Philemon—Evidence of Christianity in Practice
PRACTICE what you preach! How forcefully Jesus makes this point in denouncing the religious leaders of his day! (Matthew, chapter 23) But what about teachers in the early Christian congregation? Did they practice what they preached? That they did is clearly shown in the Bible book of Philemon.
The letter to Philemon is addressed, not to a congregation, but to a specific person, and it deals with a private matter. Adding to its personal nature is the fact that Paul wrote it with his own hand, rather than using a secretary.
What was the reason for this personal letter from Paul to Philemon? It was this: Paul was sending back to Philemon his slave Onesimus. Onesimus had run away, perhaps even stealing money from Philemon to finance his journey to Rome. Somehow Onesimus had come in contact with Paul in Rome, had listened to his preaching and had become a Christian. As such he was most useful in ministering to Paul, and the apostle had become quite attached to him. But Paul did not want to keep Onesimus there without Philemon’s consent. So, with Onesimus’ approval, Paul was sending him back to Philemon—no longer as just a slave but now as a beloved brother in the Lord.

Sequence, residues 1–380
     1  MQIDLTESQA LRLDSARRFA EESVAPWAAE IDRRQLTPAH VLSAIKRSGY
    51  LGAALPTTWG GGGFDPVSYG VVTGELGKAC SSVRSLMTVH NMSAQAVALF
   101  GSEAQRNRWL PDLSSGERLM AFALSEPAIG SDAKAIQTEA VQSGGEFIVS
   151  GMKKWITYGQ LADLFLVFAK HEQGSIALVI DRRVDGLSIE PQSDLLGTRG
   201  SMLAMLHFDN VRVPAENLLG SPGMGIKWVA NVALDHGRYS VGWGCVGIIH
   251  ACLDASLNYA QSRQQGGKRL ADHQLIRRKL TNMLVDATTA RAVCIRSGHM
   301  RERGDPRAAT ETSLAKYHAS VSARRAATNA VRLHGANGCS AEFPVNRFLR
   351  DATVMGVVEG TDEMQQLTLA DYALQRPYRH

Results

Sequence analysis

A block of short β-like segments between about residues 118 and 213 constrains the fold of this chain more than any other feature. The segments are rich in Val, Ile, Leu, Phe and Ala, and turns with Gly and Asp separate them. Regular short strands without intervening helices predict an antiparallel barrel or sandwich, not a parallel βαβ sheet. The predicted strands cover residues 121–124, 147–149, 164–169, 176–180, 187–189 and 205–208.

That Onesimus was now a valued and trusted brother is shown by his also being entrusted, along with his companion Tychicus, with Paul’s letters to the congregations in Ephesus and Colossae. (Ephesians 6:21, 22; Colossians 4:7-9) In both of these letters Paul gives advice for slaves to be obedient to their masters. (Ephesians 6:5-7; Colossians 3:22, 23) So Paul was acting in harmony with his counsel in sending Onesimus back. He respected the property of others and lived by his advice to be in subjection to the existing governmental arrangement.—Romans 13:1-7; 1 Corinthians 7:20-24.
Paul also exemplified his own counsel to show humility, love and concern for others. (Ephesians 4:1-3; Philippians 2:3, 4; Colossians 3:12-14) Rather than compelling Philemon by weight of apostolic authority to forgive Onesimus and receive him as a brother, Paul humbly appealed to him on the basis of Christian love and their personal friendship. (Philemon 8, 9, 17) What a fine example for Christian overseers today!
Philemon was indebted to Paul, for it was through Paul that he had learned the good news and had been set free from bondage to paganism. Still, legally, he could mistreat and deal harshly with Onesimus. And surely he had reason to be angry with him. Not only did Paul encourage Philemon to show kindness, forgiveness and mercy but the apostle too was willing to do so. “If [Onesimus] did you any wrong or owes you anything,” wrote Paul, “keep this charged to my account. . . . I will pay it back.”—Philemon 18, 19.
Certainly, as shown by the book of Philemon, the early writers and teachers of Christianity themselves lived by Christian principles. They practiced what they preached.